Radio advertising is one of the earliest and most popular forms of advertising in today's world of mass media. Although television has shifted much of the audience away from radio it is undisputable that radio is always there. Radio is broadcasted everywhere twenty-four hours a day and always has the breaking news. Walter Cronkite, a famous broadcast journalist, started his career in radio and concluded, "Radio has its own special strengths and contributions. While TV pulls the big audience, it's still radio that's there virtually every place, all day, all night. It's radio that's there when disaster strikes. Radio is that medium of the single sense and frees the imagination." (Schulberg, 1989. pg 15) Nearly 98 percent of people listen to the radio primarily for news, talk, entertainment, and sports. Unlike many other mass mediums radio is much more personal and friendly which attracts large audiences. Radio audiences have concluded that they listen to the radio, much like television, because they are either bored or lonely. (Schofeld, 2005) Although radio did take a severe hit when the television was introduced into average households they still managed to make a comeback. Radio reaches 77 percent of consumers, and 80 percent of the younger audiences daily, which is remarkably comparing with the competition. Radio is now the third largest mass advertising media trailing newspapers and of course television. (Schulberg, 1989, pg 2)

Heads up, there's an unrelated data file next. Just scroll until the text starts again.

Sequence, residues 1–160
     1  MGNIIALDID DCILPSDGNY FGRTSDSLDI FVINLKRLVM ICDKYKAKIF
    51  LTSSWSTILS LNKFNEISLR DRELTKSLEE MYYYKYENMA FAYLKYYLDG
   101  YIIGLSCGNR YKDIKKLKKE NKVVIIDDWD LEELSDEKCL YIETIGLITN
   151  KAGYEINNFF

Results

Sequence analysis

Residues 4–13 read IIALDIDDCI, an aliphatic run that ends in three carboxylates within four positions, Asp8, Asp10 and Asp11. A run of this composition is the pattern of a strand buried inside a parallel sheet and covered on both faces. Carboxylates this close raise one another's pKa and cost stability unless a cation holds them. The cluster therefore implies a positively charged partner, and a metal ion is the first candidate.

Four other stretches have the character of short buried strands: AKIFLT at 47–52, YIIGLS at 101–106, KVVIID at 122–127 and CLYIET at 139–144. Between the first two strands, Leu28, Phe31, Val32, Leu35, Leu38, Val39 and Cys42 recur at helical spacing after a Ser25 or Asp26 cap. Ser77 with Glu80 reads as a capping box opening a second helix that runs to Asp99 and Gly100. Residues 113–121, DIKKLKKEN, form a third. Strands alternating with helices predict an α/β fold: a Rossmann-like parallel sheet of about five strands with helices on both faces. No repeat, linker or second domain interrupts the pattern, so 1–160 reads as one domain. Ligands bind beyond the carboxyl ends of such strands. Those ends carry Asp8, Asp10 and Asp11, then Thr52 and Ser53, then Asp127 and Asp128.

Radio advertising became increasingly difficult with the dawn of the television era which prompted the need for new ideas to reach the audience. Instead of working against television which was virtually impossible radio companies began working with them. In the early to mid 90s Fox was having trouble obtaining the younger audience that they wanted so they looked to the radio. During this time the younger audience was one of the radio's highest audience percentage thus Fox began advertising their network over...
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